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Deviated Nasal Septum

By HERWriter
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From the outside, most noses look basically straight. But from the inside, about 80 percent of people have a crooked divider in the middle of the nose which is known as a deviated septum.

The nasal septum is the dividing wall that separates your nose into two sides. The back of the septum is made up of bone covered on both sides by mucus membranes. The front part of the septum is more flexible because it is made up mostly of cartilage which is covered by skin that contains a large number of blood vessels. Ideally, the nasal septum is exactly in the middle of the nose so the two sides of the nose are of equal size.

Deviated Septum Symptoms
For most people, the nasal septum is off center, or has a bend in it. In minor cases, this may not cause any symptoms. But a severe bend, or deviation, can make it difficult to breathe through the nose. A deviated septum can also cause one or more of these symptoms:

• Blockage of one or both nostrils
• Nasal congestion, sometime worse on one side
• Frequent nose bleeds caused by the drying effect of air flowing over the deviation
• Frequent or recurring sinus infections if the deviation blocks drainage form the sinus cavity
• Facial pain or headaches
• Noisy breathing at night

Causes of a Deviated Septum
While some people are born with a deviated septum, the most common cause is an injury to the nose that causes the nasal septum to be pushed out of position. This may occur during the birthing process in infants, or may be the result of a fall or other injury. Most accidents involving the nose occur during contact sports, active roughhousing, or automobile accidents.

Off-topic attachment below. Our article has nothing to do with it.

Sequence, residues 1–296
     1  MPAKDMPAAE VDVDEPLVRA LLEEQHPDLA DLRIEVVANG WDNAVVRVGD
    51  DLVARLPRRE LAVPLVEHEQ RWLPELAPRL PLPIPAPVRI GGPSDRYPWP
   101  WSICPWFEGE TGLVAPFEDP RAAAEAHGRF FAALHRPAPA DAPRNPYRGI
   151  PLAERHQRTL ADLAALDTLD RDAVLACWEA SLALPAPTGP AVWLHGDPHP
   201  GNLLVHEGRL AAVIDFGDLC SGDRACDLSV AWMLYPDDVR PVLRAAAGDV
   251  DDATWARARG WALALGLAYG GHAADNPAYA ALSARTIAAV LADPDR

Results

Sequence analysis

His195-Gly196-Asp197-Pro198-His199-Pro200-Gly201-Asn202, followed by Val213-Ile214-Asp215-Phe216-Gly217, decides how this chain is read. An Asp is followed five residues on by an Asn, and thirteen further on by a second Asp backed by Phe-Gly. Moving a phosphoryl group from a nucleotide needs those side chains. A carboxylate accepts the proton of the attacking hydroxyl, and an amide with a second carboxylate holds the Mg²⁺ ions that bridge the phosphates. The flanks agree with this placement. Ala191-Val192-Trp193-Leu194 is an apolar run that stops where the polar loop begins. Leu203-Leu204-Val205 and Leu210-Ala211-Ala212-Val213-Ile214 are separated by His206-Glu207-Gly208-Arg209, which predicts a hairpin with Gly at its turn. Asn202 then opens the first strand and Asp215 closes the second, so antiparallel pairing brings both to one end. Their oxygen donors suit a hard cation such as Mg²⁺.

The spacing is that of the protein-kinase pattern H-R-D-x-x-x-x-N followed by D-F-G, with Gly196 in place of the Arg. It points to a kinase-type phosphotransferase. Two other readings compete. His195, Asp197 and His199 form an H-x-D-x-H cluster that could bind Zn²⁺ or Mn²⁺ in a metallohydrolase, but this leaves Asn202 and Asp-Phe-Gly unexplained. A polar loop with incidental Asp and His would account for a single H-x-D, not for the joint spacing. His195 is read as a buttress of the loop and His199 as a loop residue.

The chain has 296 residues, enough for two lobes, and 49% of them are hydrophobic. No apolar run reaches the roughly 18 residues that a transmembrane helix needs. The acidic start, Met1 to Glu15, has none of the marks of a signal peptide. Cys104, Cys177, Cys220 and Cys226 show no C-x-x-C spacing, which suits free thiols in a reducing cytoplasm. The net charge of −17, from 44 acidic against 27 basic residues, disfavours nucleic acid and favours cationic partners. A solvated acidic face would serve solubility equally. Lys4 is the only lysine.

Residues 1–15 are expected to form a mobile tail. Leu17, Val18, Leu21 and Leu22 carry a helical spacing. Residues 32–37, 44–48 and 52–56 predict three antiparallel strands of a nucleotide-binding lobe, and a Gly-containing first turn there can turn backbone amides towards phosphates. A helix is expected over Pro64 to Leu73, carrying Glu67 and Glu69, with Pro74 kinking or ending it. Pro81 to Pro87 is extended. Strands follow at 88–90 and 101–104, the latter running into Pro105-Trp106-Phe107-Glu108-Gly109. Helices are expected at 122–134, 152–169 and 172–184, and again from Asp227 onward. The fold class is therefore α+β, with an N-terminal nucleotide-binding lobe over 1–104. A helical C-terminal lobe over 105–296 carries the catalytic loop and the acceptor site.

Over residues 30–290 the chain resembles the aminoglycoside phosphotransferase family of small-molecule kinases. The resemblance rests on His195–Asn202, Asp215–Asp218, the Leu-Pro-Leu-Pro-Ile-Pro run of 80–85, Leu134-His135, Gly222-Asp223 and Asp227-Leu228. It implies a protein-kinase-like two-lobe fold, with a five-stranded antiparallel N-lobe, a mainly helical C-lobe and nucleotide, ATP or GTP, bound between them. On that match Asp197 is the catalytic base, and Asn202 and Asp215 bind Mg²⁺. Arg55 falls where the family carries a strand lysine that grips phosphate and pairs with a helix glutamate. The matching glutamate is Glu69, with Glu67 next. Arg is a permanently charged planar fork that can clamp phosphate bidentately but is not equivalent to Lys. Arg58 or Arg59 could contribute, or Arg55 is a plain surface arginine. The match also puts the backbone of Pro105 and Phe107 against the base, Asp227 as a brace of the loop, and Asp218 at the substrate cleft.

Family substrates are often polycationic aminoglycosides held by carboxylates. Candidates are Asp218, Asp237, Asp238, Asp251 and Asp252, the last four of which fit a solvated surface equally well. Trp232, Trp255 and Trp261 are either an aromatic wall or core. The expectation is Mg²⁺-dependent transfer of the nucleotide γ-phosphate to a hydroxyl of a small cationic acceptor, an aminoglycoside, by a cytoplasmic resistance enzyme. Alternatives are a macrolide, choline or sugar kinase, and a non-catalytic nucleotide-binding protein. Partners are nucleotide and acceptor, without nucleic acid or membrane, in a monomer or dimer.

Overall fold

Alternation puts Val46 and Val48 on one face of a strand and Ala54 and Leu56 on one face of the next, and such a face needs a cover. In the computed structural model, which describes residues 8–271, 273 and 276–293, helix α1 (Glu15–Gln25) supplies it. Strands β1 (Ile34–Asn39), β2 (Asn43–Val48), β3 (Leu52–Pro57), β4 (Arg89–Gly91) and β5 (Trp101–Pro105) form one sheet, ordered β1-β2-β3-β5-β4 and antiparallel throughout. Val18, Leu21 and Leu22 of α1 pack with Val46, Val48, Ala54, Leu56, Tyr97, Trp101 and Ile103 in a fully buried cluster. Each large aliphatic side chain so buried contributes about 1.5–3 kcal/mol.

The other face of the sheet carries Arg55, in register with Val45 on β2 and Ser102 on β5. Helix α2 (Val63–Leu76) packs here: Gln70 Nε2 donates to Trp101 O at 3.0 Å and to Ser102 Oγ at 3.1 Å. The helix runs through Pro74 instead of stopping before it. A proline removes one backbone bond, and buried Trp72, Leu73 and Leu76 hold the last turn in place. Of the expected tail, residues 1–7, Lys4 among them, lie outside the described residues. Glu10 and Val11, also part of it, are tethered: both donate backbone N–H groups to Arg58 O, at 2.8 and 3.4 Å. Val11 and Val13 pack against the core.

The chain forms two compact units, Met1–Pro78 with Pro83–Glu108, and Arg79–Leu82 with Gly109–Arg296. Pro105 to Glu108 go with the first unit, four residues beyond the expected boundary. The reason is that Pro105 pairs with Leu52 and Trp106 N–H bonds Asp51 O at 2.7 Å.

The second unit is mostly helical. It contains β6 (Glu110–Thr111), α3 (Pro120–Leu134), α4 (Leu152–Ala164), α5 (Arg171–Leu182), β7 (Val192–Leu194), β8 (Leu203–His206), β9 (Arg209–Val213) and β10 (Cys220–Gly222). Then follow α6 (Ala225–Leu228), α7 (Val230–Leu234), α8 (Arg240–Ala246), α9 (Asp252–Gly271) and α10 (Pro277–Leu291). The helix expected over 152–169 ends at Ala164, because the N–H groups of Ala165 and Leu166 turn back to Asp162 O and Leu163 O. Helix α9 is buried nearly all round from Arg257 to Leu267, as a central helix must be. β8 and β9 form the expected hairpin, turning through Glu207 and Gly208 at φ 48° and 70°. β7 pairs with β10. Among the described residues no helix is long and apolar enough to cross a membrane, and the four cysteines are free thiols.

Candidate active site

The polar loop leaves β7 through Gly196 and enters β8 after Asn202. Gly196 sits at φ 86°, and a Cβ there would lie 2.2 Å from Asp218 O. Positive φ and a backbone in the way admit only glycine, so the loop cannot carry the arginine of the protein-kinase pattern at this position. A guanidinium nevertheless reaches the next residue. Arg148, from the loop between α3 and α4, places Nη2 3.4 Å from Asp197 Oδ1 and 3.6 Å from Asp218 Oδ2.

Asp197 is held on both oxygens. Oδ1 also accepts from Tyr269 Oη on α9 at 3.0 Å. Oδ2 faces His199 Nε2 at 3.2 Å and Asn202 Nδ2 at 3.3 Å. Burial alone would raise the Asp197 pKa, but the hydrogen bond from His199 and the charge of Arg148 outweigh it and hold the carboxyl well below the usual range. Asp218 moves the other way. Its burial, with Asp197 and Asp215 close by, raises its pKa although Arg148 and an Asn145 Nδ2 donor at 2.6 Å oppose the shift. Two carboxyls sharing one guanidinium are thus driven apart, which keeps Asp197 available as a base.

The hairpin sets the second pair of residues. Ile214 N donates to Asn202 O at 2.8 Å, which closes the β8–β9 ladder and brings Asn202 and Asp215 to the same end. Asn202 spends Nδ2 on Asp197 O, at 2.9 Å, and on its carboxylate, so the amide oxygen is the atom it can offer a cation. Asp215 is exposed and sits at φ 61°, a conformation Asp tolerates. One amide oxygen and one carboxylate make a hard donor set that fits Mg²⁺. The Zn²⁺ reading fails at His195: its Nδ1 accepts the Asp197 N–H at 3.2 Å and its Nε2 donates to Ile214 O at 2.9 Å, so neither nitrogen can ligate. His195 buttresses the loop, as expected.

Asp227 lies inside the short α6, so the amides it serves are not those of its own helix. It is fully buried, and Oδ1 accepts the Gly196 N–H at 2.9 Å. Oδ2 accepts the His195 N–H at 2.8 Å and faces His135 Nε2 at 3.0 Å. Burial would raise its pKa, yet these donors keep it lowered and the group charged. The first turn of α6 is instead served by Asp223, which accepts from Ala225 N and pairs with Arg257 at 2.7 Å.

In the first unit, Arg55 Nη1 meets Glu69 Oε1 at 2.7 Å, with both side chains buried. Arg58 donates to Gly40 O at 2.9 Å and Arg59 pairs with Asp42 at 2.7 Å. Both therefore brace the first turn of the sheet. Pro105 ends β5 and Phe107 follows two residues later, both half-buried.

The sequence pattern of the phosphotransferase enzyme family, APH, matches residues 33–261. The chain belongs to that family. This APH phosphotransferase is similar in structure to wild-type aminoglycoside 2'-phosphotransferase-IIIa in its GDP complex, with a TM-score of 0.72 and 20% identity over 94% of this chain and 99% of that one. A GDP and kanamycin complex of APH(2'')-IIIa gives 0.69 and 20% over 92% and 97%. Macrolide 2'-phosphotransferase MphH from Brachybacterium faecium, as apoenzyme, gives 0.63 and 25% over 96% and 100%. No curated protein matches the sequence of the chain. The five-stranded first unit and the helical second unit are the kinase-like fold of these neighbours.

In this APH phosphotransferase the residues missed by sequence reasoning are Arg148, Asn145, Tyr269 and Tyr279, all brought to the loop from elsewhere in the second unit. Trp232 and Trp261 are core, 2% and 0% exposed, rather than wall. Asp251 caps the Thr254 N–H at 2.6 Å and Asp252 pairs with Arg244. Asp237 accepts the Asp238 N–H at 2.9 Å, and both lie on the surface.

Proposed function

Deviated Septum Treatment
For patients with a mild deviation that does not cause significant symptoms, no treatment is necessary.

If breathing is hindered by the deviation, treatment may begin with trying to manage symptoms. Your doctor may prescribe decongestants to help reduce congestion, antihistamines to help prevent allergy symptoms like a runny nose, or cortisone sprays to bring down inflammation in the nasal passages.

The only way to actually repair a deviated septum is through surgery called septoplasty. During this surgery your doctor will reshape and straighten the cartilage and bone in the septum of the nose. This procedure is done from inside the nostrils and does not usually cause any bruising or swelling on the face. There is no visible change to the shape of the nose from this surgery.

American Academy of Otolaryngology–Head and Neck Surgery
Mayo Clinic

Add a Comment1 Comments

I have an appointment with and ENT later this month, per the recommendation of my primary care doctor. I have always had recurring ear infections, sinus infections and strep. Due to the many times I had strep this year she is recommending having my tonsils removed but I am more concerned about the post-nasal drip which turns a common cold into multiple infections. The last cold I caught has been following me since November. I am still trying to eradicate an sinus infection and painfully enlarged tonsils. Do you think I should mention my concerns to the EMT? Do my symptoms align with a deviated septum?

February 14, 2011 - 12:25pm
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We value and respect our HERWriters' experiences, but everyone is different. Many of our writers are speaking from personal experience, and what's worked for them may not work for you. Their articles are not a substitute for medical advice, although we hope you can gain knowledge from their insight.

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